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Arts & Culture
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State of the Arts: An Abstract View of the Natural World

Notes of mountains, oceans and deep-space are captured in a new abstract painting exhibit at Stark State College. On this week's State of the Arts, we talk with painter Noah DiRuzza about his process and how he tries to represent the environment's emotions through his work.

There's a lot to take in with Noah DiRuzza's work. His paintings are smeared with so much oil and acrylic paint that they need to be viewed from multiple angles to see all the peaks, cracks and crevices. He calls them "sculpture-esque-hybrid paintings."

"I don’t try to make anything in particular, they just become what they want to," he said as we walk through his show on the second floor of the busy student center at Stark State.

DiRuzza, whose day job is in home improvement, uses found objects like steel wool, chicken wire and even layers of plastic bags.

He said his paintings represent different ways humans have affected the environment by capturing "the emotion of the planet just using colors and textures."

Some paintings look like a bird's-eye view of polluted waterways, while others use warm primary colors and wire reminiscent of honeycomb.

DiRuzza has even burned holes in a few canvases. He said he kept a fire extinquisher at the ready if things went wrong.

It makes his paintings look as if acid has burned its way through them.

"It's just a lot of process of trial and error and testing. It’s like the fun part of my pieces I just experimenting and having fun."

DiRuzza uses thick layers of oil and acrylic paint to build up his 'sculpture-esque-hybrid paintings.'
DiRuzza uses thick layers of oil and acrylic paint to build up his 'sculpture-esque-hybrid paintings.'

And DiRuzza experiments quite a bit. He found a discarded motor from an unknown machine, took it apart and made it the centerpiece of a work called "Lost and Found."

The brown pieces of metal overlay a bright blue gradient of acrylic paint.

"It just represents like scrap that we throw in the ocean. It falls in the bottom and it’s there forever."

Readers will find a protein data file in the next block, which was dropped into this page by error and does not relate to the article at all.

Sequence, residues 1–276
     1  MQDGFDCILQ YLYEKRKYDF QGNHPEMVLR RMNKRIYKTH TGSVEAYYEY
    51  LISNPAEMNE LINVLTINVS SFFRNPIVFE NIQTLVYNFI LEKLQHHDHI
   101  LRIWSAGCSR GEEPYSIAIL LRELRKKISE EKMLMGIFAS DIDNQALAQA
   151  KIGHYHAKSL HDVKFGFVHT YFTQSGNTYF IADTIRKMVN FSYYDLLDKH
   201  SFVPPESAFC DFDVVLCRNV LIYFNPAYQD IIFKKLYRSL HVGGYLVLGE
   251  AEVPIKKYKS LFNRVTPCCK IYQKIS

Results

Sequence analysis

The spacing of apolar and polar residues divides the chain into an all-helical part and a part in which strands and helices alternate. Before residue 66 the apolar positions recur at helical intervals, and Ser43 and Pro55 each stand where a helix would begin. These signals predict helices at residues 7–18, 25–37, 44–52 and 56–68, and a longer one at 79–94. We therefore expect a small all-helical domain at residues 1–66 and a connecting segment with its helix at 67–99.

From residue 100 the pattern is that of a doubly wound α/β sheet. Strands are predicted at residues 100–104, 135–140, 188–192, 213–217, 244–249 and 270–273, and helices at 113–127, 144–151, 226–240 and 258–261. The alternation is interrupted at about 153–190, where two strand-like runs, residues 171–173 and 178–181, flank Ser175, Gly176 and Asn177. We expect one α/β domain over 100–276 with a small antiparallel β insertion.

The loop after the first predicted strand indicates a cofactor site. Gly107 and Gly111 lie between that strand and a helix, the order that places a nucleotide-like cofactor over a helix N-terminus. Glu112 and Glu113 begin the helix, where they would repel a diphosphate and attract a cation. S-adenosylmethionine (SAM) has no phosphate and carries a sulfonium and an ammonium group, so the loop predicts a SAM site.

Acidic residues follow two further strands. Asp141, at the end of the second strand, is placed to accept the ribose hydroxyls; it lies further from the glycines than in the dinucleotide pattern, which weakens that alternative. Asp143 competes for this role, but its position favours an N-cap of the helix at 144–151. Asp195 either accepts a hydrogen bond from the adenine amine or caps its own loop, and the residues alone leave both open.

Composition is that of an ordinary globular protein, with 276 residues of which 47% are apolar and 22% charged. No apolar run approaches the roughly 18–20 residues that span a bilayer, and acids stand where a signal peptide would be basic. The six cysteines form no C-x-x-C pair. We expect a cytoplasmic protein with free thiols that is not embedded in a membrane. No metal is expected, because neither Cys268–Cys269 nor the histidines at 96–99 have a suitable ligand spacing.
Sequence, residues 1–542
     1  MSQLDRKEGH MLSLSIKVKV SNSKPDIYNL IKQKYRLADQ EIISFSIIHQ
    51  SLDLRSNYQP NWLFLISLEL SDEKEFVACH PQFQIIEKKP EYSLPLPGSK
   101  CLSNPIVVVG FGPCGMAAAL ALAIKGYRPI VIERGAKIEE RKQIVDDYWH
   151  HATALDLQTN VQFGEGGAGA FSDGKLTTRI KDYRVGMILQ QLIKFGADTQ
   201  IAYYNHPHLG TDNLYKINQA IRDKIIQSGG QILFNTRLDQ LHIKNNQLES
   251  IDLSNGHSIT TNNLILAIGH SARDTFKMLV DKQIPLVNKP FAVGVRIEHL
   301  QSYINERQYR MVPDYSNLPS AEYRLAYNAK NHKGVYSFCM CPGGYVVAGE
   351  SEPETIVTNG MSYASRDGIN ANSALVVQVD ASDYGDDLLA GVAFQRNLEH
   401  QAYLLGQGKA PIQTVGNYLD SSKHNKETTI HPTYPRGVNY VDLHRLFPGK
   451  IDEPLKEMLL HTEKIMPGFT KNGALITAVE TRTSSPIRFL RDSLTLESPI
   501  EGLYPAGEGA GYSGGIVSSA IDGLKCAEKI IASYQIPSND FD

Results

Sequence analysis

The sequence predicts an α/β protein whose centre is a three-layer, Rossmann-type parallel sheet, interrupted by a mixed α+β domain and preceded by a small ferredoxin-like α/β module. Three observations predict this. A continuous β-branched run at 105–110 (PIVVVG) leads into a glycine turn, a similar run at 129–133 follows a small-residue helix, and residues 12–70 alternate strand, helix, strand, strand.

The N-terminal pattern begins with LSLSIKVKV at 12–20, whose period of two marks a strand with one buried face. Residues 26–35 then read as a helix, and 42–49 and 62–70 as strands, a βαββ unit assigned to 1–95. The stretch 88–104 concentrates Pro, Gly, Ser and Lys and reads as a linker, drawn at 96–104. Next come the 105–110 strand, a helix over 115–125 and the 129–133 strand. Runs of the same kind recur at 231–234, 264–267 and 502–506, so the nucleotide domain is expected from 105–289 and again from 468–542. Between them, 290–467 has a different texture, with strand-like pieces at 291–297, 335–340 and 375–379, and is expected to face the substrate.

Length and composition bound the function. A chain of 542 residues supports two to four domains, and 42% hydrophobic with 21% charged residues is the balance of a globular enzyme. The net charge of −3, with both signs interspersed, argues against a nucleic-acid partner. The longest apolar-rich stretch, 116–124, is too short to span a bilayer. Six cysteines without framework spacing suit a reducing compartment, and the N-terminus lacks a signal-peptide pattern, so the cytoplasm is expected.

DiRuzza also experimented with chemical reactions. Over the course of several days, he sprayed paint stripper onto painted wood.

"The viscosity of the paint changed so I had to cover them in this epoxy resin to kind of seal it," he said. 

The effect looks almost like smooth marble or granite. But maybe the most striking work in the show is a six-canvas series that showcases much of DiRuzza's skills in one cohesive work.

The vertical panels are deep blue, with what the artist calls a "jet stream" of white, orange and red running through a deep crevice in the middle.

It looks like a laser beam cutting a trench through an ocean. That trench is built up with layers and layers of plastic bags and oil paint.

"This oil took months to dry because it’s so thick on there. It was probably like two months just sitting in my room, drying."

The six-panel series 'Eruption' has layers and layers of disused plastic bags and oil paint to create the 'jet stream' running through the center.
The six-panel series 'Eruption' has layers and layers of disused plastic bags and oil paint to create the 'jet stream' running through the center.

Passion for the Abstract
This is DiRuzza's first non-student show since he graduated from Kent State Stark in December 2017.

"Well my journey started when I was little, I was always drawing and stuff. And I discovered abstract art at Kent State. It’s a whole new world of just discovery. Every time you do a different piece it’s exciting and moving and fun."

The 28-year-old has been working on the theme of this show since he graduated.

"I mean we've already done damage to the planet, and it's unavoidable now. It's just a matter of how much damage. So I think we need to keep communication going and keep hammering this. I'm not really one to go out and speak so I'm just going to use my art to speak for me."

When asked what he hopes people take away from his artwork, DiRuzza said it doesn't really matter to him as long as they feel something. 

With a laugh, DiRuzza points to a painting which someone said looks more like a housecat than anything else. 

"And I’m cool with that, I don’t care. They see what they want to see, and that’s the beauty of abstract art."

Noah DiRuzza’s "Footprints" is on display at the Stark State student center through Feb. 22.